Tag Archives: sur la table

Ceramic & Glass Dinnerware & Bakeware Brand Information

I know, I know, THIS is the ceramic blog you’ve all been impatiently waiting for! Enough with the boring stuff, tell me what brands to buy!! 😛

As with everything I write about, personal preference trumps all! This is what I have seen, heard, and learned. Someone could have had the completely opposite experience. What matters is that the brand you buy has good customer service and normally delivers quality product. Please leave comments, email me, etc. and let me know your experience – good or bad – with a different line of products not listed here.

Vintage Pyrex
Vintage Pyrex

Let me put it another way; ANY brand can have a manufacturing defect, even the fancy ones. However, a reputable manufacturer (and for that matter, a reputable sales outlet) will replace these easily and at no cost to you. For years I helped what I thought were persnickity snobs examine their dinnerware piece by piece, and so I became a ninja at spotting the tiniest of imperfections. Some of these are super ridiculous, like, on the bottom of the plate?? Seriously? Or a tiny pinhole nobody would notice. But sometimes the color has a flaw – maybe the bowls got too close to each other during the glaze phase and they didn’t get a full coating. 99.9% of imperfections don’t matter, technically, because the pieces have been heated and it won’t do you any physical harm. But I know what really matters, and it’s what it LOOKS LIKE! 🙂 So when I bought my own Fiesta dinnerware, you bet your bottom I was ninja inspecting every single piece! Even the bottoms! 🙂 (Which is the perk of buying “open stock” versus sets. This will always vary by store, but most stores do not offer open stock, FYI.)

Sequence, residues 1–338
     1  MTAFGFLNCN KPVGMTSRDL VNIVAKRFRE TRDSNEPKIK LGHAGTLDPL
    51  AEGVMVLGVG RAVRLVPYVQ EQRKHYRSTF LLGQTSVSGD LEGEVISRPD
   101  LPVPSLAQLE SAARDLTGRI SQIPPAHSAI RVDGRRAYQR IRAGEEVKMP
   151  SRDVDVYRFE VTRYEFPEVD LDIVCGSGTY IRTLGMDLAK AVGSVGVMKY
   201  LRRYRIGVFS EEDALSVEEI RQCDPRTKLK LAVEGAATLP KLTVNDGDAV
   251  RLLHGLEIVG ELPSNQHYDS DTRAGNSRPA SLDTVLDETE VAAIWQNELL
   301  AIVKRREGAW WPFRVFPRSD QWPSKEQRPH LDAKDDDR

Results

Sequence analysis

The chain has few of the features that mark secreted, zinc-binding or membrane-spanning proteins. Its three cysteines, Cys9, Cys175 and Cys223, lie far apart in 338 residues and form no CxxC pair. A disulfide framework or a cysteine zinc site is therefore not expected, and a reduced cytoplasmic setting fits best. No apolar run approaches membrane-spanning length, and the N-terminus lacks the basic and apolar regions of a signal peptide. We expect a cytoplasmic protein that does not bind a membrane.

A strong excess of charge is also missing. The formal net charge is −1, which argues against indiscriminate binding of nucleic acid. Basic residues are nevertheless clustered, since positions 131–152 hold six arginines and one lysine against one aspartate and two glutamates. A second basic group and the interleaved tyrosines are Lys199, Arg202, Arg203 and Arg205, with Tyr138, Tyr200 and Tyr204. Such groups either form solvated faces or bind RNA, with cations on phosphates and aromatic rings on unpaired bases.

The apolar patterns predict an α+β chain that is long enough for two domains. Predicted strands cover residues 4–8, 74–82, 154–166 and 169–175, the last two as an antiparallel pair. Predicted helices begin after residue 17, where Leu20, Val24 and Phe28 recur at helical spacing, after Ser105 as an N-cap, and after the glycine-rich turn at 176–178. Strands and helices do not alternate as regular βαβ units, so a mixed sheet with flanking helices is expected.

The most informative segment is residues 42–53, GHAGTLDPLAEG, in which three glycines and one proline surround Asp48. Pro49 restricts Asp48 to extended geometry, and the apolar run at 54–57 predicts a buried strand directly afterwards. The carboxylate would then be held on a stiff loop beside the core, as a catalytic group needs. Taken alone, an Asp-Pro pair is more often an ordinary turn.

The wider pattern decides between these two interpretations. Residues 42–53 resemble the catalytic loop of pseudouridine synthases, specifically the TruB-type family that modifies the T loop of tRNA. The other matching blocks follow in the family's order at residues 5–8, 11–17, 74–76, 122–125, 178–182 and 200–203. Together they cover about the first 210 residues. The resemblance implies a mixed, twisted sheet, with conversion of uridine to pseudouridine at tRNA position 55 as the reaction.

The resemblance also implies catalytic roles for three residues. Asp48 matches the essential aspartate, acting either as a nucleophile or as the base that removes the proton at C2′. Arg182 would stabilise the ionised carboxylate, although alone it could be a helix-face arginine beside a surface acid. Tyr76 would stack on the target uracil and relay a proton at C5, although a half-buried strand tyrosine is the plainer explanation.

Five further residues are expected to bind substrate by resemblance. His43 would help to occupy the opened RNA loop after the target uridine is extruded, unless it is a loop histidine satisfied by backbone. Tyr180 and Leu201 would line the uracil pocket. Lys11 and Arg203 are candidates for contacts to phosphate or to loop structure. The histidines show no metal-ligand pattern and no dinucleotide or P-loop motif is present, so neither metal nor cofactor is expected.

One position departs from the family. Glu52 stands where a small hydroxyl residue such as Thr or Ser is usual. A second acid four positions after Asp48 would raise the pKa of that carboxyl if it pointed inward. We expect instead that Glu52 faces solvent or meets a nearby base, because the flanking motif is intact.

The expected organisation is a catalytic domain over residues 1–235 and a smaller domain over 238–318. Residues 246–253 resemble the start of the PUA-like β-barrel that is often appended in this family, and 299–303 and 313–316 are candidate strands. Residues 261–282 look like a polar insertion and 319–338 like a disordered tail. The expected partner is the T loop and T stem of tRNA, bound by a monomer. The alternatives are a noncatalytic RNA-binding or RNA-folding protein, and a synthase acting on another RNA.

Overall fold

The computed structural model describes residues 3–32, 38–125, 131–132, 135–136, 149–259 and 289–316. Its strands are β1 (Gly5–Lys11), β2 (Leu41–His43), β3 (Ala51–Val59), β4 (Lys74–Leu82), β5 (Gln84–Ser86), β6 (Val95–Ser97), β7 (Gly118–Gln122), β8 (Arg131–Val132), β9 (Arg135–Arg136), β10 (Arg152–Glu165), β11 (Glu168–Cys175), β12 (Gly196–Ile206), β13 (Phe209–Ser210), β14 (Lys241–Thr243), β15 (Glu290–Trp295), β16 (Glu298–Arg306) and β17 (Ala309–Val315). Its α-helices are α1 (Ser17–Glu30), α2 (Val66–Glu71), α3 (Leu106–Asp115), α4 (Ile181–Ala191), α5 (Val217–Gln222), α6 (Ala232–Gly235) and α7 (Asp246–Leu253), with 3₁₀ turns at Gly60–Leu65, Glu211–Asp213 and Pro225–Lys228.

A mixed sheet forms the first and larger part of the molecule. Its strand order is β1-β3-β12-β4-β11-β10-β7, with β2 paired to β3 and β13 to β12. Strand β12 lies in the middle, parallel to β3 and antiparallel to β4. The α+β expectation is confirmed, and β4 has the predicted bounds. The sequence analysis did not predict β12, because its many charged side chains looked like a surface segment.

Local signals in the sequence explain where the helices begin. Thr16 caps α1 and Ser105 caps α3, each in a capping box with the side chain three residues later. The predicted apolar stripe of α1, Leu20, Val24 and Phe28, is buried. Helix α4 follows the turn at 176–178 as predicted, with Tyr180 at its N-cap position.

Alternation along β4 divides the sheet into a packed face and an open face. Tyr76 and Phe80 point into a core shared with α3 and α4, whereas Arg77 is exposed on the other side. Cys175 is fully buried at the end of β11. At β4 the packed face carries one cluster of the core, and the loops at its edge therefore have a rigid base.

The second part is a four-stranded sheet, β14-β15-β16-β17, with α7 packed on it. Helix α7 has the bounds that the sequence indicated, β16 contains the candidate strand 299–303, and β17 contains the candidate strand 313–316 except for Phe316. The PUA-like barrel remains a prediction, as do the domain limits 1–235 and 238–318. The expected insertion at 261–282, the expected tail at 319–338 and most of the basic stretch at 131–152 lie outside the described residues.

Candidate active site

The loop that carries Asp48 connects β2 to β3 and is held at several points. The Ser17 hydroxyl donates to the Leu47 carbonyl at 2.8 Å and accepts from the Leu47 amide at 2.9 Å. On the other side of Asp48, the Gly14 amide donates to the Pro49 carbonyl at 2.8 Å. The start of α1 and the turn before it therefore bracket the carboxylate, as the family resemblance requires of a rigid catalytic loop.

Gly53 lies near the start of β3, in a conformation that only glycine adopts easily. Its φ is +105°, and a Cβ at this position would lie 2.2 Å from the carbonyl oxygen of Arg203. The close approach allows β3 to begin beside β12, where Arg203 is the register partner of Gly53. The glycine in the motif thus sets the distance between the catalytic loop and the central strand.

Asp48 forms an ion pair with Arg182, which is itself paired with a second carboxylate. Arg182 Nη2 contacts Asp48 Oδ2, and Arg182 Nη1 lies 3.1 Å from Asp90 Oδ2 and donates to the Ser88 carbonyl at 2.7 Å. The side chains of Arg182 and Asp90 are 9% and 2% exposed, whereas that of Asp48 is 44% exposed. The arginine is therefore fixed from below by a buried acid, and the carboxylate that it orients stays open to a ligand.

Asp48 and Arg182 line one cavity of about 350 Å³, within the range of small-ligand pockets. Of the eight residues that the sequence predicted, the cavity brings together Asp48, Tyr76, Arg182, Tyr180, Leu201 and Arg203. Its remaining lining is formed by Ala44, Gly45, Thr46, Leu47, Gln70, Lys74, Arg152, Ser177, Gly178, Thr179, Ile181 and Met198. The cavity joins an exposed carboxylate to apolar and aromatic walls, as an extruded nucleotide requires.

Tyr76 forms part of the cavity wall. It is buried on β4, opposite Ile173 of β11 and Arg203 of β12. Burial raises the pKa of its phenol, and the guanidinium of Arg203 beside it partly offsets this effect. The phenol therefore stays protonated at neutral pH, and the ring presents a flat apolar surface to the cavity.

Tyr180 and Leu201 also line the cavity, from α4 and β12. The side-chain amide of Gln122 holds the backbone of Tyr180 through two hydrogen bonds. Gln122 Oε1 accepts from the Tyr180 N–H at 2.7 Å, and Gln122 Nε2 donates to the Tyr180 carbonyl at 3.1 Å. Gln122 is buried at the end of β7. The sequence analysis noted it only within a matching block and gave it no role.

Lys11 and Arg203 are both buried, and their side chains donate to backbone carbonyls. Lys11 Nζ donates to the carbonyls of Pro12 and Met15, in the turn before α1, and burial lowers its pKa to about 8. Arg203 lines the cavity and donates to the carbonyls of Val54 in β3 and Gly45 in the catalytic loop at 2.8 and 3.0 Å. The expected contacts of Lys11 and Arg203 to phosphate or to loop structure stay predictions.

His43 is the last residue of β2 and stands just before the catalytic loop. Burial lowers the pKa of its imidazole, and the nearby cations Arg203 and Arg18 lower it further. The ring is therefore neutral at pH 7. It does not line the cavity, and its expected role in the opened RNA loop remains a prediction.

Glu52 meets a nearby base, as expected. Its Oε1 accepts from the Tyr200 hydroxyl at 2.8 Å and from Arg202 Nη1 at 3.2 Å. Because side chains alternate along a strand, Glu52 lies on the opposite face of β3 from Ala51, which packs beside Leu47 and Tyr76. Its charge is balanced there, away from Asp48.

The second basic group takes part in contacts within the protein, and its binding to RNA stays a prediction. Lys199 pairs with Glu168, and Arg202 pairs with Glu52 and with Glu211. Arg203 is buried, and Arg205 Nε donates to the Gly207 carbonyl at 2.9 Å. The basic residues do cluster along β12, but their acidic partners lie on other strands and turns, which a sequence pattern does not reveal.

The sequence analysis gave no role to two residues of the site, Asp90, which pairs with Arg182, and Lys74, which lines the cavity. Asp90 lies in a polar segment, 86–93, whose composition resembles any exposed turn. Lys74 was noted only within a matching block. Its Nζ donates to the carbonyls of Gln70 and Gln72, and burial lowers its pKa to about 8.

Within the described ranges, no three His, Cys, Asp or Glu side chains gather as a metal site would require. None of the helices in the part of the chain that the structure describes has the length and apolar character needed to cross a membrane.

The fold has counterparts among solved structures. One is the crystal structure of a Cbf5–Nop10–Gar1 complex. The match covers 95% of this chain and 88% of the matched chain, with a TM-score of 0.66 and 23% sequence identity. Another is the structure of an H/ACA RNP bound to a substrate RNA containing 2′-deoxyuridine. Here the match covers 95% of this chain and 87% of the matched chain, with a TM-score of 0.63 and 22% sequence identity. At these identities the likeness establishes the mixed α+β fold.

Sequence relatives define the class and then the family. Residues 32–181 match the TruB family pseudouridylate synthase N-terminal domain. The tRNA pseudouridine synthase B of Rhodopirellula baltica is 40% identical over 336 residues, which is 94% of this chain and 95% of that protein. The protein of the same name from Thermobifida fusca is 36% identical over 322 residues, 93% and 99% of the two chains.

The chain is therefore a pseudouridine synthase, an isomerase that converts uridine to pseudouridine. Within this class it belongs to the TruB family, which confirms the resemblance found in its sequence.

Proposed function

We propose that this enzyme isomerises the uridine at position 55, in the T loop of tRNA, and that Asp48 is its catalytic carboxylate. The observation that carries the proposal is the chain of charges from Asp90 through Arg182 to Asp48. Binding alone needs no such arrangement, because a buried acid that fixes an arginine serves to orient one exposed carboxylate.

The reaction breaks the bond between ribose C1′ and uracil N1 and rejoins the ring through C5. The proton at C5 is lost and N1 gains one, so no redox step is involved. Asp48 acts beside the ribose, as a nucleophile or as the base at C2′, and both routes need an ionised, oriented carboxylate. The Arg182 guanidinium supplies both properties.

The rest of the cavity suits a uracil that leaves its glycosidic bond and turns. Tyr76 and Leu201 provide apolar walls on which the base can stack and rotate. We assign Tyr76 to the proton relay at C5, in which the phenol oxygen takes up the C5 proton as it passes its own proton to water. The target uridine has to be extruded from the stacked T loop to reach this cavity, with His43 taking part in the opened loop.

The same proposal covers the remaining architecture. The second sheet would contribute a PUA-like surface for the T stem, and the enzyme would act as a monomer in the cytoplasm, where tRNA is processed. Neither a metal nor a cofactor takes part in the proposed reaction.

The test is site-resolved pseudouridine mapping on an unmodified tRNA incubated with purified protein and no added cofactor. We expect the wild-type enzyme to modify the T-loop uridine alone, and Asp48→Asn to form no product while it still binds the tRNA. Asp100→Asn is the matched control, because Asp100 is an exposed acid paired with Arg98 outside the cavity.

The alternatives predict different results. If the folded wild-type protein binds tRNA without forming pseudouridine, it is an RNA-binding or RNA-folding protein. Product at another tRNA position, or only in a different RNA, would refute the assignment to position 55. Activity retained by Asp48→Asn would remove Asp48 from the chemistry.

A good website to find discontinued dinnerware pieces is Replacements, Ltd.

Sonoma (TAG) Dinnerware & Other Inexpensive Ceramic Brands

Tag Sonoma dinnerware
Tag Sonoma dinnerware

This is some really good looking stuff, and I think it’s similar in both price and quality to stuff you’d find at Target or Bed, Bath & Beyond, store brands or something by Rachel Ray. These brands all usually have really cute prints, particularly for holidays or something. Sonoma dinnerware is nice because it’s in that price range but they keep making it, versus it being a seasonal item for the big box stores. The company also has pretty darn good quality control and I very rarely had off-color pieces come through the store I worked at. The downfall of any of these less expensive brands is that although they are dishwasher safe, they are not safe from your dishwasher and are prone to chipping in there. You can be pretty much guaranteed that the inexpensive brands are all going to be made in China.